“Left to Their Own Devices” by Kate Whitehead about The App Generation (South China Morning Post, December 2, 2014)

Screen Shot 2014-12-02 at 9.35.47 PMindexThis summer I picked up Howard Gardner and Katie Davis’ book The App Generation: How Today’s Youth Navigate Identity, Intimacy, and Imagination in a Digital World (2013). As I read, I thought that this would be a thought-provoking way to start my “Service, Society, and the Sacred” class by studying how technology is impacting youth culture. The students responded to the three research-based chapters – on identity, intimacy, and imagination – with thoughtful analyses. We also did a debate about technology and the future. I wrote up a  summary of their reactions and sent their comments to the two authors. Howard wrote back immediately; he was quite pleased to have students, for the first time, provide their perspectives on the research findings rather than adults only. Continue reading

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Part I: Using Contemporary Memoirs to Teach Genocide


Humanities I in Action is a course that challenges students to deeply consider their place in the world, and, in the end, to contemplate action steps to bring healing. However, this noble pursuit requires traversing a dark path. During the first semester in Humanities I in Action our in-class study considers the dark side of the human condition through William Golding’s novel Lord of the Flies, various psychological and sociological experiments, and the study of genocide. Continue reading

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The Question for Hong Kong Protesters: Principle or Pragmatism

BN-DM986_hkprot_G_20140701220857Despite Occupy Central’s high profile threats to carry out an “era of civil disobedience,” Hong Kong protesters still have taken this city by surprise in the last 8 days, the largest student-led demonstrations on Chinese soil since 1989. The crucial question facing protesters now is what comes next. Continue reading

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Technology and Our Future Debate: “How Do We Separate the Gift from the Curse?”


Inventor Ray Kurzweil expects people to live forever. Such an application of technology has vast moral implications for the future. Kurzweil is one of the provocative thinkers that students encountered in this unit on the role of technology in society.  Continue reading

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Technology and Youth Disconnect: Perspectives from International School Students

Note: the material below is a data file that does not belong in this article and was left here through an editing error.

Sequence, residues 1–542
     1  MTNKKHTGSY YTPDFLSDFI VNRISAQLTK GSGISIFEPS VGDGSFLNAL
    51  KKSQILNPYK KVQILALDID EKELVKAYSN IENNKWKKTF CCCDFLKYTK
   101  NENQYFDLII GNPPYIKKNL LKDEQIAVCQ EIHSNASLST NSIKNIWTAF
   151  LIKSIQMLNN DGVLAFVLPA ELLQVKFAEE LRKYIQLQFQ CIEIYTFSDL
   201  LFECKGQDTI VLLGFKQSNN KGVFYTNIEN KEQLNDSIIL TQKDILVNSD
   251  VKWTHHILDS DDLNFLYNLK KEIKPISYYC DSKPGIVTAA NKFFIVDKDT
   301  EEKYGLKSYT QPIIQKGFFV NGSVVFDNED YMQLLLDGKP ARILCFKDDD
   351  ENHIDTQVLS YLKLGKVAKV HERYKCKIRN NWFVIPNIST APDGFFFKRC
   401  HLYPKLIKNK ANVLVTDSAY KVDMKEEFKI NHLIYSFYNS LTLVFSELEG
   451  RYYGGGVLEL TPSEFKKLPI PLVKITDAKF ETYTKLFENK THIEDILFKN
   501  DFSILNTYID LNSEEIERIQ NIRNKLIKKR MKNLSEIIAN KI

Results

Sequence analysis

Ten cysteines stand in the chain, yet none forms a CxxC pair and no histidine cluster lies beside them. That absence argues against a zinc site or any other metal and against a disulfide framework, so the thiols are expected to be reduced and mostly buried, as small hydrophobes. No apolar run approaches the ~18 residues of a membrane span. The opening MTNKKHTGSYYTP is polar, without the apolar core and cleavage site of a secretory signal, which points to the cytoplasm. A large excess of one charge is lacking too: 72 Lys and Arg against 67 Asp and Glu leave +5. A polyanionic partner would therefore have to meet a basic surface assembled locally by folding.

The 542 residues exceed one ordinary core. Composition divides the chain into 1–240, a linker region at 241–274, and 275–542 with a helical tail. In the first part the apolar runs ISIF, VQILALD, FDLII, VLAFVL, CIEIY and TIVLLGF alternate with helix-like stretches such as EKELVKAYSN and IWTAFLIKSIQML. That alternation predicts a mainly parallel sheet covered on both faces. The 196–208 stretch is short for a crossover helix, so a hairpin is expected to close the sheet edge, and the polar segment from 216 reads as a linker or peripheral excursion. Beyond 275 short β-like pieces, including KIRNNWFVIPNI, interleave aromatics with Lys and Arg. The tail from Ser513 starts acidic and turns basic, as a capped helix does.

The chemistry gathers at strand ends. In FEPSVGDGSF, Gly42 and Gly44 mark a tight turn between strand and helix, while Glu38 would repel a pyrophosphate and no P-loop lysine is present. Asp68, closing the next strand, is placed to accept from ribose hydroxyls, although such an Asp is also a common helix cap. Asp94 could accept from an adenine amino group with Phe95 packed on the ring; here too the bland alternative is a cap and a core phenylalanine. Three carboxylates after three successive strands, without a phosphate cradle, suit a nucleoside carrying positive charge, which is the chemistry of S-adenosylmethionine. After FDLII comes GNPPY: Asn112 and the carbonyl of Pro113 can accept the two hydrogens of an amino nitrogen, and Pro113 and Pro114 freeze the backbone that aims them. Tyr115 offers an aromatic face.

This year in my “Service, Society, and the Sacred,” a junior-senior elective religion/social studies course at HKIS, I decided to start the semester with an attempt to better understand how the technology revolution is impacting youth culture. In order for students to make their school year and their lives in general more fulfilling, the course’s main goal, I felt that we first needed to come to a collective understanding of the challenges students are facing. This blog entry shares the first unit of the year in which students reflected on how youth culture has been affected by technology. Continue reading

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Is Ignorance Bliss? Teaching about Chocolate Slavery on Day 1


 When students reflect on their time in Humanities I in Action, they frequently recall the first day of class. Grade nine students are incredibly open to new impressions on their first day of high school, so our teaching team has tried a new opening day activity the last two years that is not only a valuable lesson on its own, but also represents in microcosm our approach to their learning and growth throughout the year.

For some years we have used the issue of slave-produced chocolate. Because many students are practically addicted to chocolate, this issue resonates with them. The shadow side of chocolate production encourages them to think more deeply about their consumption patterns. In moving this topic into the initial activity of the year, we designed an activity around a central question of our first semester of study, “Is ignorance bliss?” Continue reading

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“Inspired Choices” by Andrea Zavadszky about Humanities I in Action (South China Morning Post, August 4, 2014)

Screen Shot 2014-08-04 at 11.19.25 AMFollowing our TEDx talk in May a reporter from the South China Morning Post scheduled an interview with Mike and myself for an article, and now it has just been published. The article represents the course well. We are especially pleased that our two award winners from last year, Helena and Yash, spoke so articulately about their experience in Humanities I in Action last year. I’d also like to thank Andrea for taking such a personal and sustained interest in the topic. Continue reading

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